Facial reconstruction

Search LJMU Research Online

Browse Repository | Browse E-Theses

A Neuroergonomics Approach to Mental Workload, Engagement and Human Performance

Dehais, F, Lamont, A, Roy, R and Fairclough, SH (2020) A Neuroergonomics Approach to Mental Workload, Engagement and Human Performance. Frontiers in Neuroscience, 14. ISSN 1662-453X

[img]
Preview
Text
A Neuroergonomics Approach to Mental Workload, Engagement and Human Performance.pdf - Published Version
Available under License Creative Commons Attribution.

Download (2MB) | Preview

Abstract

The assessment and prediction of cognitive performance is a key issue for any discipline concerned with human operators in the context of safety-critical behavior. Most of the research has focused on the measurement of mental workload but this construct remains difficult to operationalize despite decades of research on the topic. Recent advances in Neuroergonomics have expanded our understanding of neurocognitive processes across different operational domains. We provide a framework to disentangle those neural mechanisms that underpin the relationship between task demand, arousal, mental workload and human performance. This approach advocates targeting those specific mental states that precede a reduction of performance efficacy. A number of undesirable neurocognitive states (mind wandering, effort withdrawal, perseveration, inattentional phenomena) are identified and mapped within a two-dimensional conceptual space encompassing task engagement and arousal. We argue that monitoring the prefrontal cortex and its deactivation can index a generic shift from a nominal operational state to an impaired one where performance is likely to degrade. Neurophysiological, physiological and behavioral markers that specifically account for these states are identified. We then propose a typology of neuroadaptive countermeasures to mitigate these undesirable mental states.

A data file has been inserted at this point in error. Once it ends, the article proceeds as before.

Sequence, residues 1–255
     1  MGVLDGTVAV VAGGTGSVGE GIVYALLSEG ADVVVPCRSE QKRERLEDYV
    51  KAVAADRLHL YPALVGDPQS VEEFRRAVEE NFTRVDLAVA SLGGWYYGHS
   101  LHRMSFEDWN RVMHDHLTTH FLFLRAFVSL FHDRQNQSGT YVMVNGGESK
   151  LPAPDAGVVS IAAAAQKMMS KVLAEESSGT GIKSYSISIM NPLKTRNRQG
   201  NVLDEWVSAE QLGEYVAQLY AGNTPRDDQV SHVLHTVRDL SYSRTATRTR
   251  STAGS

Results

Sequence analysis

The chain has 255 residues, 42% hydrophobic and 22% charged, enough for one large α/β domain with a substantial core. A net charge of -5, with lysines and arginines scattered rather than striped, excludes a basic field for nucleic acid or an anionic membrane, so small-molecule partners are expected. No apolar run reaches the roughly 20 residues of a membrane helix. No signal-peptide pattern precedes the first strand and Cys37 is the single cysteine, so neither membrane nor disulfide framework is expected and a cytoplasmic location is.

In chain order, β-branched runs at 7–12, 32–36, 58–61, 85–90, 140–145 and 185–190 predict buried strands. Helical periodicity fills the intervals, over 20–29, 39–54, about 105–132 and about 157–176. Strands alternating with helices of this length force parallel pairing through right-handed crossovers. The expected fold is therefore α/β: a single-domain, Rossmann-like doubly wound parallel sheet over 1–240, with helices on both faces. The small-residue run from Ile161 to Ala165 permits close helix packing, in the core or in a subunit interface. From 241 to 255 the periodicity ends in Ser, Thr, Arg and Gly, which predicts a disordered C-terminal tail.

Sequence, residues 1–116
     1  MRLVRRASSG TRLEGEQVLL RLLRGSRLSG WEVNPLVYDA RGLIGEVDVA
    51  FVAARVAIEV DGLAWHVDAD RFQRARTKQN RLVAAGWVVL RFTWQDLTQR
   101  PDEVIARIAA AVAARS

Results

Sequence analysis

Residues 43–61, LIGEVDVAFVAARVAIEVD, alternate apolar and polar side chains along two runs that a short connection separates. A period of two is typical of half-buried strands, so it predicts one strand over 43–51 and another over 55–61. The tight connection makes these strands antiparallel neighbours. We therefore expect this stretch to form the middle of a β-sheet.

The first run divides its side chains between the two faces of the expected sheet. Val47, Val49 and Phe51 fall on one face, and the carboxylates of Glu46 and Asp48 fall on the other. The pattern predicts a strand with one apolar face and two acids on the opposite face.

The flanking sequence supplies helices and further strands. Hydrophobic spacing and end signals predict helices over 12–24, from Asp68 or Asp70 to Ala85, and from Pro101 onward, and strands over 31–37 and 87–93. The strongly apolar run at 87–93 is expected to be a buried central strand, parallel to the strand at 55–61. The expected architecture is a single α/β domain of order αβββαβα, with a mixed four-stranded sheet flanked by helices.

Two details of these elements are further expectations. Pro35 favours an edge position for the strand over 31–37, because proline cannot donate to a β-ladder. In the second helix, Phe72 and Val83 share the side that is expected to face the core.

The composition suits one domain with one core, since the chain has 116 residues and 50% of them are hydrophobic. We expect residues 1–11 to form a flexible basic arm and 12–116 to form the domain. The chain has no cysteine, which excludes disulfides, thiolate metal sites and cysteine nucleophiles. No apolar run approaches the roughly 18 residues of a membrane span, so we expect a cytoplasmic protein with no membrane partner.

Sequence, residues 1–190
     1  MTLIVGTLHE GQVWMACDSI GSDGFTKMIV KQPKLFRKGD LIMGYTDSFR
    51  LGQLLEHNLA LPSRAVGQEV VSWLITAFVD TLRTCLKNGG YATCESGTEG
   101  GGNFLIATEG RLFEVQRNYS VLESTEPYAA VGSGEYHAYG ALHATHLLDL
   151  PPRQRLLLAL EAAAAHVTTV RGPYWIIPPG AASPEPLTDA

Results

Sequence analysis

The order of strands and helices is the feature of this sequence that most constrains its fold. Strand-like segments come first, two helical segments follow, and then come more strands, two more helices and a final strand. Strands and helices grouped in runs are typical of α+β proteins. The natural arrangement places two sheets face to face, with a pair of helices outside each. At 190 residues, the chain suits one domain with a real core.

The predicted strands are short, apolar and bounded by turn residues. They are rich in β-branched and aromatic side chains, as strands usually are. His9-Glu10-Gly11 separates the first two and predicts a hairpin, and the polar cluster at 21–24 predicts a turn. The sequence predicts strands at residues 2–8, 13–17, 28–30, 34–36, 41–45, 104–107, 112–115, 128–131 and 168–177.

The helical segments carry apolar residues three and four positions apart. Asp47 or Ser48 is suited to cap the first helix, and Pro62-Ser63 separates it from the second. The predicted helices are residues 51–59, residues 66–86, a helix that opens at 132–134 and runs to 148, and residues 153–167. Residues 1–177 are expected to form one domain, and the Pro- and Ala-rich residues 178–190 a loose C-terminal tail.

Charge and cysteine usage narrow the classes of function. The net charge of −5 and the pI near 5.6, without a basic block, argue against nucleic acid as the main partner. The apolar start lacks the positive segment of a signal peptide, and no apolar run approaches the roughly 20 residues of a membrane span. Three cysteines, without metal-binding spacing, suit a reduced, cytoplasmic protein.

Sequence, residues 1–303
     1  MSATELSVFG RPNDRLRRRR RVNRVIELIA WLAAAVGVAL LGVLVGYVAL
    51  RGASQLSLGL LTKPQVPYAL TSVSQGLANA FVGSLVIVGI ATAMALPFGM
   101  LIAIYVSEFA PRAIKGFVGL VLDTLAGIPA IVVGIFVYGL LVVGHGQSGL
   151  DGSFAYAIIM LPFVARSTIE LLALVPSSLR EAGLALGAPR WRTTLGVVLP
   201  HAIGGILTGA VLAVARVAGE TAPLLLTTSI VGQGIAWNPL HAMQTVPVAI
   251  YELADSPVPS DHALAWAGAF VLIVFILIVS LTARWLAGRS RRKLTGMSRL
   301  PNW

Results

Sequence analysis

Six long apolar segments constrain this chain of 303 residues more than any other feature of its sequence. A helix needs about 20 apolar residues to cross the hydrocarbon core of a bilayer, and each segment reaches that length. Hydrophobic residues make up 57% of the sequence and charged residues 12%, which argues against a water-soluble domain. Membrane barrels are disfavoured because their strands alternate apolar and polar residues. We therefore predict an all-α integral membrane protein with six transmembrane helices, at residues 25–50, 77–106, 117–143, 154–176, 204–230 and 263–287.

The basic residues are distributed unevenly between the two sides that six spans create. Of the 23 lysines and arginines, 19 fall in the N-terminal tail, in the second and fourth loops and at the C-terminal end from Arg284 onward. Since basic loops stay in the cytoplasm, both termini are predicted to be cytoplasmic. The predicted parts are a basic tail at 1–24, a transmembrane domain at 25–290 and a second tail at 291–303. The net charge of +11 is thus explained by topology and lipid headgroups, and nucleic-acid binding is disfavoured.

Item Type: Article
Uncontrolled Keywords: 1109 Neurosciences, 1702 Cognitive Sciences, 1701 Psychology
Subjects: B Philosophy. Psychology. Religion > BF Psychology
Divisions: Psychology (new Sep 2019)
Publisher: Frontiers Media
Date Deposited: 08 Apr 2020 11:44
Last Modified: 08 Apr 2020 12:00
DOI or Identification number: 10.3389/fnins.2020.00268
URI: http://researchonline.ljmu.ac.uk/id/eprint/12685

Actions (login required)

View Item View Item